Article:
Some organizations may shy away from taking a data-driven approach because they may not know where to start, or which data points will bring the maximum benefit. Additionally, sometimes the data points you need don’t exist, which can add to the frustration.

How do you overcome these challenges? I recommend taking a three-pronged approach.

Start with what you have. Begin with as many people-related data points as you can find. No matter how many you have — whether it’s five or 500 — you’ll find areas of opportunity and risk within your existing data. Once you know the data points you have, you can create strategies to obtain additional data that will develop your DEI story further.

Ideally, your data should be internal and external, and qualitative and quantitative. Begin with voluntary, aggregated self-identification data, such as gender identity (male, female and nonbinary), ethnicity, sexual orientation, disability status and veteran status.

Look at the history. Review the past three to five years and identify trends. See where you’ve made improvements and where you’ve slid backward. This review will help you develop targeted DEI initiatives that have the greatest impact. For further granularity, match your diversity trends with your hiring practices. Discuss hiring practices with your human resources team so you know exactly what happens in your employees’ talent management and development journey.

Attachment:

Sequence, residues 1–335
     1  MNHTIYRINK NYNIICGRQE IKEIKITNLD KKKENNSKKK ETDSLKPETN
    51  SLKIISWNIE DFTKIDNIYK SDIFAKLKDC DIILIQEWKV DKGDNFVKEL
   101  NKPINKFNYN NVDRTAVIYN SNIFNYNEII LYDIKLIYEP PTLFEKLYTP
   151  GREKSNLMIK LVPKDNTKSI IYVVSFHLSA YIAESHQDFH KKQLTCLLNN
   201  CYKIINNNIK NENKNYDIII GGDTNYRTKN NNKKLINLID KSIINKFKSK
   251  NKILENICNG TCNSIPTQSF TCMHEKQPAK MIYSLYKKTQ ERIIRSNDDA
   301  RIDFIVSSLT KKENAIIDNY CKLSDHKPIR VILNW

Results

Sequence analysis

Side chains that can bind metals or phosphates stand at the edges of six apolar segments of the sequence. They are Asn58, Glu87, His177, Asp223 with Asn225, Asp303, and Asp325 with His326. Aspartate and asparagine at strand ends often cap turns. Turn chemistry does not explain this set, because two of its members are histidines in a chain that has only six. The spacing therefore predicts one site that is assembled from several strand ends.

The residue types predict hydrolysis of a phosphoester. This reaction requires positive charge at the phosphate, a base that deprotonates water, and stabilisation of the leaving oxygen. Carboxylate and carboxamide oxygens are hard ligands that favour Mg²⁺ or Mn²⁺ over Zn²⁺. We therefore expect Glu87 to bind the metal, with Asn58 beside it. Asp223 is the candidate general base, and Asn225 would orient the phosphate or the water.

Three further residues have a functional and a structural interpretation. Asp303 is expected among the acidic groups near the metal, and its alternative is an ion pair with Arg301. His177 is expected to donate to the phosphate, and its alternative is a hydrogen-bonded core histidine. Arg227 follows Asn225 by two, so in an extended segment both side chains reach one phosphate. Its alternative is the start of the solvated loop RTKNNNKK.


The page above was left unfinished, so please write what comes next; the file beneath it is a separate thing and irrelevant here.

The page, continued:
Leverage different perspectives. You can then add other levels of qualitative data to the mix. For example, if you’re just starting out with DEI, you can host employee focus groups to learn more about their perception of and potential engagement in DEI initiatives. If you already started your DEI journey, you can ask your business resource groups (BRGs) to provide insight into what’s working with DEI and what needs refinement.

How to Benchmark DEI Data

Interpreting the data is just as important as collecting it. I recommend benchmarking your data against competitors, peer companies and vendors within the insurance industry and in the geographic regions where you conduct business.